The hydrogen-fuelled internal combustion engine, offering ultra-low CO2 tailpipe emissions, has been unveiled as part of Toyota’s global decarbonisation strategy, which includes investments in carbon-neutral fuels and hybrid-electric vehicles.
Australian companies are set to test the Hydrogen HiAce prototype in real-world conditions, aiming to develop fit-for-purpose commercial vehicles with ultra-low CO2 tailpipe emissions.
The customer drive program will enable customers to assess and provide feedback on hydrogen-powered vehicles, aiming to support Toyota’s development and commercialisation of these vehicles.
Toyota Australia, under President and CEO Matthew Callachor, has been chosen by its parent company in Japan to operate the country’s first pilot program.
“This technology offers the potential for Toyota to produce vehicles that meet the practical requirements of commercial customers while dramatically reducing CO2 tailpipe emissions,” Callachor stated.
According to him, the pilot program for a new hydrogen powertrain technology builds on the company’s significant development and investment in the hydrogen sector.
“Australia is the perfect place to run such a program with our Federal and State Governments having already committed $6.3 billion in funding for hydrogen projects under the National Hydrogen Strategy,” he noted.
“We also have an extensive variety of environments and climatic conditions that will enable us to evaluate the hydrogen powertrain technology to its fullest and ensure it delivers on Toyota’s high standards,” he added.
Toyota developed hydrogen-fuelled internal combustion engine technology in Japan in 2017, which debuted in 2021 in a Corolla Sport that raced in the Super Taikyu series.
The company then developed the technology for the HiAce, incorporating its experience and knowledge from testing it in extreme motorsport conditions.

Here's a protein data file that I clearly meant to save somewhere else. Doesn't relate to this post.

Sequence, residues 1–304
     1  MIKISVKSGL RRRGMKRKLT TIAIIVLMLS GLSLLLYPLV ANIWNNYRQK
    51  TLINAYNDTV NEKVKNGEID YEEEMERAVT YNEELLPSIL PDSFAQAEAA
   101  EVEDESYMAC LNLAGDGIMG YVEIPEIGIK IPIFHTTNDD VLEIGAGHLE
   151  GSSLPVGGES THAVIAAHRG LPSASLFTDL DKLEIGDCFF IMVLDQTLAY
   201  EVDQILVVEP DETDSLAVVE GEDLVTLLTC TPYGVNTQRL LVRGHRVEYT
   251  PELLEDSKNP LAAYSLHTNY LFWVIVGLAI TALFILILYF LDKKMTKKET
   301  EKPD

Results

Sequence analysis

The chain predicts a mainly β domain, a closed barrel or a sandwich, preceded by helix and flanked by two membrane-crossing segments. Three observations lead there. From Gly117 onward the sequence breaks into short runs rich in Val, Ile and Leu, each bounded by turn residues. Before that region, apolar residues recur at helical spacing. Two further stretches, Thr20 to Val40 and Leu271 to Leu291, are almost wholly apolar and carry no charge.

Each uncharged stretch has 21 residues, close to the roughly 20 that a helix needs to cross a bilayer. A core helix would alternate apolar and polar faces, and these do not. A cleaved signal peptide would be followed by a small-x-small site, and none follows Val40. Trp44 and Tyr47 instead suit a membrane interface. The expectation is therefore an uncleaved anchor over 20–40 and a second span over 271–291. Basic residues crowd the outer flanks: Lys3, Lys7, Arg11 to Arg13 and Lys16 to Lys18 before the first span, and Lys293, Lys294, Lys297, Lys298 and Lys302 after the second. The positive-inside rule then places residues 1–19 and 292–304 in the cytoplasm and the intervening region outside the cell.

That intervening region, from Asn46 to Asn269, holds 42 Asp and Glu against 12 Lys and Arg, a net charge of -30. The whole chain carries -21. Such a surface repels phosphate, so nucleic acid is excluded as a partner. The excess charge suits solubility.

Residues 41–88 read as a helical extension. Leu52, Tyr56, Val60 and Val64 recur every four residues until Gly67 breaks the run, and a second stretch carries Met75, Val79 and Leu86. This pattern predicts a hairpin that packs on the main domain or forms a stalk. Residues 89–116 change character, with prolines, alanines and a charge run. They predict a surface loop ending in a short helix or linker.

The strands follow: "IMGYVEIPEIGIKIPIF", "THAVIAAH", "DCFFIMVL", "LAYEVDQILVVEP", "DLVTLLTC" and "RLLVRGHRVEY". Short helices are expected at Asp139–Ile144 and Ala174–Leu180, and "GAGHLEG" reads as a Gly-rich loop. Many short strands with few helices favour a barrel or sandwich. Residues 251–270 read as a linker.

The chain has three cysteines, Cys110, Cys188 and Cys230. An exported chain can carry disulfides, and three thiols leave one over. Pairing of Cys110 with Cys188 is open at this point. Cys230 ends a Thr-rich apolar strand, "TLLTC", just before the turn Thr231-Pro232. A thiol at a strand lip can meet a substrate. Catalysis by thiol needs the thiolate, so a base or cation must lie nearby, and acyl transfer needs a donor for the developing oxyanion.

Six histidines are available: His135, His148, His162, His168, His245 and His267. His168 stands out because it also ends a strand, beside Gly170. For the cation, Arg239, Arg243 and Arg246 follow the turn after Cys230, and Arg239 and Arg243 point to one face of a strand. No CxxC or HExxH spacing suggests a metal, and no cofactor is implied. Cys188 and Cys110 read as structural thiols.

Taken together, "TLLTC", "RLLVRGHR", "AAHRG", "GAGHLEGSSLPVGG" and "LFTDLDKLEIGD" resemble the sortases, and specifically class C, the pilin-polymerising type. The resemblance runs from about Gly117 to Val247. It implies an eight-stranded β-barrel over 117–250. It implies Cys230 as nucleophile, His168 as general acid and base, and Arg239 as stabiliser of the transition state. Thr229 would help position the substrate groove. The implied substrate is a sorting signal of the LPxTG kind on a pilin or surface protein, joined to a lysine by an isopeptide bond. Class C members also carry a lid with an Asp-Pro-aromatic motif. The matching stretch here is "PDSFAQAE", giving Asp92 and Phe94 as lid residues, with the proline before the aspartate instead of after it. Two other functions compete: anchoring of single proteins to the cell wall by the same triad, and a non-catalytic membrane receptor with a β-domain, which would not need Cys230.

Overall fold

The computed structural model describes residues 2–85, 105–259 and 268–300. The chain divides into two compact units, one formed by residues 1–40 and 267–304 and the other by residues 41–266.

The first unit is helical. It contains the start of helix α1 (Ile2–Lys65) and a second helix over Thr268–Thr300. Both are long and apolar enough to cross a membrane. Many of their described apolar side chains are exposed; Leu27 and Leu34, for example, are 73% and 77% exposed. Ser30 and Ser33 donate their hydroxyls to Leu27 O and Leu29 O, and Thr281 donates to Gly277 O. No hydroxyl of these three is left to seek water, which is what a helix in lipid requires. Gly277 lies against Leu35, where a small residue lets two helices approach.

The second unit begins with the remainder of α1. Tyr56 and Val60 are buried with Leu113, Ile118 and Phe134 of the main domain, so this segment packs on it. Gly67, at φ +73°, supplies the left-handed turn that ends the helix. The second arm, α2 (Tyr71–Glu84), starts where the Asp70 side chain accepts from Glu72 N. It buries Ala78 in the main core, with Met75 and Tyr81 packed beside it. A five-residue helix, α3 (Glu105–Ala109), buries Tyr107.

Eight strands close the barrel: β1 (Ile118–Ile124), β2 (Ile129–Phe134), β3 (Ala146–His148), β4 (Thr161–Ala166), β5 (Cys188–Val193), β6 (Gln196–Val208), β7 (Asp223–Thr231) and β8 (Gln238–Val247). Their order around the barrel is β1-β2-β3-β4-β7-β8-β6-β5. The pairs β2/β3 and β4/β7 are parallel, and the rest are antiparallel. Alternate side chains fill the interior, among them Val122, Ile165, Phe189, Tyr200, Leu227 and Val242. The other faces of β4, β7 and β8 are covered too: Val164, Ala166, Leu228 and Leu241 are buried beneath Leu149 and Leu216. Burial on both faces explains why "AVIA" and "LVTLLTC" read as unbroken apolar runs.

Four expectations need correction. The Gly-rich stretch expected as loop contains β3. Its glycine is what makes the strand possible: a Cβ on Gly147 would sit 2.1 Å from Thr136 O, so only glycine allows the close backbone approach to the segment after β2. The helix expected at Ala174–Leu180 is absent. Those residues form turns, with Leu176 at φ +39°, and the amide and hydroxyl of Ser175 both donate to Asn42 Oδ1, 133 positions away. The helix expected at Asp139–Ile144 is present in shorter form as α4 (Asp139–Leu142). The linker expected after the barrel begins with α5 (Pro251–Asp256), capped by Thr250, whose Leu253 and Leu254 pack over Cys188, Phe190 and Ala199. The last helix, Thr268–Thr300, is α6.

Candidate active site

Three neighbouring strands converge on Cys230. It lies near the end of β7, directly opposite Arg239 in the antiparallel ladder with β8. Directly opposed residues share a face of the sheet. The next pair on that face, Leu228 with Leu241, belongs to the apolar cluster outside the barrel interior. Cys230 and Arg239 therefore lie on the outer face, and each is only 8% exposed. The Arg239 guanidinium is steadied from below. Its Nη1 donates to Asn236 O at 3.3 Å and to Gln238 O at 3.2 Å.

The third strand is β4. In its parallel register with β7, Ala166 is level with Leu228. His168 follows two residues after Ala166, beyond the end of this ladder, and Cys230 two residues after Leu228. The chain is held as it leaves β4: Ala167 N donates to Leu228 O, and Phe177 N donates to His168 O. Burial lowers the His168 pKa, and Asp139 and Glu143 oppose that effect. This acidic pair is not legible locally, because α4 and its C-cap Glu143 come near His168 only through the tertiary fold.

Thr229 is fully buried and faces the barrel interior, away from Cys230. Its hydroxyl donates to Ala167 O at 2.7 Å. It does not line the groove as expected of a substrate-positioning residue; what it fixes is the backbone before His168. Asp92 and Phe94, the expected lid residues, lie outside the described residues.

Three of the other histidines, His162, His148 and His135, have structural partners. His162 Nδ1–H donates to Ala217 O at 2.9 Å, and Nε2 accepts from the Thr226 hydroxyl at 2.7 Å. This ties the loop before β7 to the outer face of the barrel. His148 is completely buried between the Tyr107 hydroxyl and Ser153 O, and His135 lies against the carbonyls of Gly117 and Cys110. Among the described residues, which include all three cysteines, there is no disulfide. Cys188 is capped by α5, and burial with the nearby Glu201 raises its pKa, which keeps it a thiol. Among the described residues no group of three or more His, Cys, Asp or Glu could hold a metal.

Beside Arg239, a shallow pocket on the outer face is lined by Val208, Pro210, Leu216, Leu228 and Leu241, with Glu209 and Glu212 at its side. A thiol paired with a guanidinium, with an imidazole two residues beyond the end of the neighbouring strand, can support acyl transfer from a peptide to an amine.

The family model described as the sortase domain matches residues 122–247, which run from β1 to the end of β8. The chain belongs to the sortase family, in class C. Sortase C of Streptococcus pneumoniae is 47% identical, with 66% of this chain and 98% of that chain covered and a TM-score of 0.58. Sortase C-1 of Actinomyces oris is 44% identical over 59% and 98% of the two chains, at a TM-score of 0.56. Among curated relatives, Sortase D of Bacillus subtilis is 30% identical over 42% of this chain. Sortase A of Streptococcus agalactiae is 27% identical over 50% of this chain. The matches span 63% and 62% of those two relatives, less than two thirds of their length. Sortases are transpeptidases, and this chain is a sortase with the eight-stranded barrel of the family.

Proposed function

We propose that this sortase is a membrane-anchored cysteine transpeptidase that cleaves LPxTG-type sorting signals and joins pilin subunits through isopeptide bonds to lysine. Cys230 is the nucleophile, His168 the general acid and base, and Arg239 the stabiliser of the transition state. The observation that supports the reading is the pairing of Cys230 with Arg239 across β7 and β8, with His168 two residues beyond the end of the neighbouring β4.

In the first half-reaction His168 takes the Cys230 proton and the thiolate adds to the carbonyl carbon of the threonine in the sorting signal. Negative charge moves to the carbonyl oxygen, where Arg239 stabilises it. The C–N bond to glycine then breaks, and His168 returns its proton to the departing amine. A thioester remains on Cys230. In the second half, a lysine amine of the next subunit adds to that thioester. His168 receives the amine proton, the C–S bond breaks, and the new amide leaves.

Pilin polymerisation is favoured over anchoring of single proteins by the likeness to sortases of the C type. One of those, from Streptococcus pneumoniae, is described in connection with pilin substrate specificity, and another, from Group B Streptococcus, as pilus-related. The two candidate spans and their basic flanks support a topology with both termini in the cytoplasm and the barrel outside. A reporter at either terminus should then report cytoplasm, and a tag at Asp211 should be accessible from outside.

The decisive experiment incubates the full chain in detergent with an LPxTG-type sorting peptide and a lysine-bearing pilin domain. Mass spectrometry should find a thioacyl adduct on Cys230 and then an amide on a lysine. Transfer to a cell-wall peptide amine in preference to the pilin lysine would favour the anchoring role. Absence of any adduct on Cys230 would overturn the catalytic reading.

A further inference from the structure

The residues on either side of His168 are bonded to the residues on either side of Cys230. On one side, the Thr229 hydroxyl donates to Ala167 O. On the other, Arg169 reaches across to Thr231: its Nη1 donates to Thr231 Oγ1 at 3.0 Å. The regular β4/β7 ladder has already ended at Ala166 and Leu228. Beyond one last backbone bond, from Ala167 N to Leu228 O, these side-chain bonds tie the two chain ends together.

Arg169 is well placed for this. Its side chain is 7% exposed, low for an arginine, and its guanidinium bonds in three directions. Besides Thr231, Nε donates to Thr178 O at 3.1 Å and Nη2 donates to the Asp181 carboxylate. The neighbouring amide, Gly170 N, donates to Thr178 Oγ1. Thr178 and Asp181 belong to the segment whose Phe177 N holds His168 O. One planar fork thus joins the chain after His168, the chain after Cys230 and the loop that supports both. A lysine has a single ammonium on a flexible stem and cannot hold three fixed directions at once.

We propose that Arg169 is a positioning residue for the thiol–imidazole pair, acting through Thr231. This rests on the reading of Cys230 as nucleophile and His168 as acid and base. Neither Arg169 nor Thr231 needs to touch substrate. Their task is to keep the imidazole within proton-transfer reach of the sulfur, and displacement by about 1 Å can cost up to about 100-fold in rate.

The Australian pilot program’s Hydrogen HiAce uses a V6 turbo petrol engine from the LandCruiser 300 Series, paired with a ten-speed automatic transmission for rear wheels.
The engine has been modified to operate on compressed hydrogen gas, using a unique direct-injection system that meets Euro VI emission standards.
The hydrogen powertrain produces nearly zero CO2 tailpipe emissions but produces small amounts of nitrogen oxides (NOx) through a selective catalytic reduction system, meeting Euro VI emission standards.
Toyota is enhancing the powertrain of its prototype Mirai by improving hydrogen storage, combustion, and exploring hybrid technology, similar to the third-generation Mirai.
The pilot program aims to expedite the development of a new powertrain, allowing various potential customers to use the vehicle for commuter or delivery purposes.
Toyota is in talks with several interested companies, including CPB Contractors, a leading Australian designer and builder of large-scale infrastructure.
CPB Contractors will utilise the Commuter version of the HiAce to transport workers across a significant Melbourne infrastructure project.
Toyota Australia’s Hydrogen HiAce pilot program aims to boost Australia’s hydrogen economy and promote a sustainable future through significant development projects.
In 2018, the company tested the first-generation Mirai FCEV with multiple Melbourne councils.
In 2021, the Toyota Hydrogen Centre in Victoria commissioned Victoria’s first hydrogen production, storage, and refuelling facility at Altona.
In addition to transport applications, Toyota has committed to assembling fuel-cell generators for French energy supplier EODev at its Altona site. The company will also distribute generators in Australia and New Zealand.